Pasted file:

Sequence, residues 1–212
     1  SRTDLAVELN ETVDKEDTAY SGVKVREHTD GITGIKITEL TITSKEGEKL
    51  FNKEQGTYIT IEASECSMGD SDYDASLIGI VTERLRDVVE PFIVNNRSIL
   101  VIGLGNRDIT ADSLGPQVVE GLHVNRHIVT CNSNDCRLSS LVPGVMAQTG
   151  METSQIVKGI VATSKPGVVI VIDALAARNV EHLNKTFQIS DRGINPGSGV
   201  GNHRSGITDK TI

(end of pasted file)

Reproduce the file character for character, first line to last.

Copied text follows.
Sequence, residues 1–212
     1  SRTDLAVELN ETVDKEDTAY SGVKVREHTD GITGIKITEL TITSKEGEKL
    51  FNKEQGTYIT IEASECSMGD SDYDASLIGI VTERLRDVVE PFIVNNRSIL
   101  VIGLGNRDIT ADSLGPQVVE GLHVNRHIVT CNSNDCRLSS LVPGVMAQTG
   151  METSQIVKGI VATSKPGVVI VIDALAARNV EHLNKTFQIS DRGINPGSGV
   201  GNHRSGITDK TI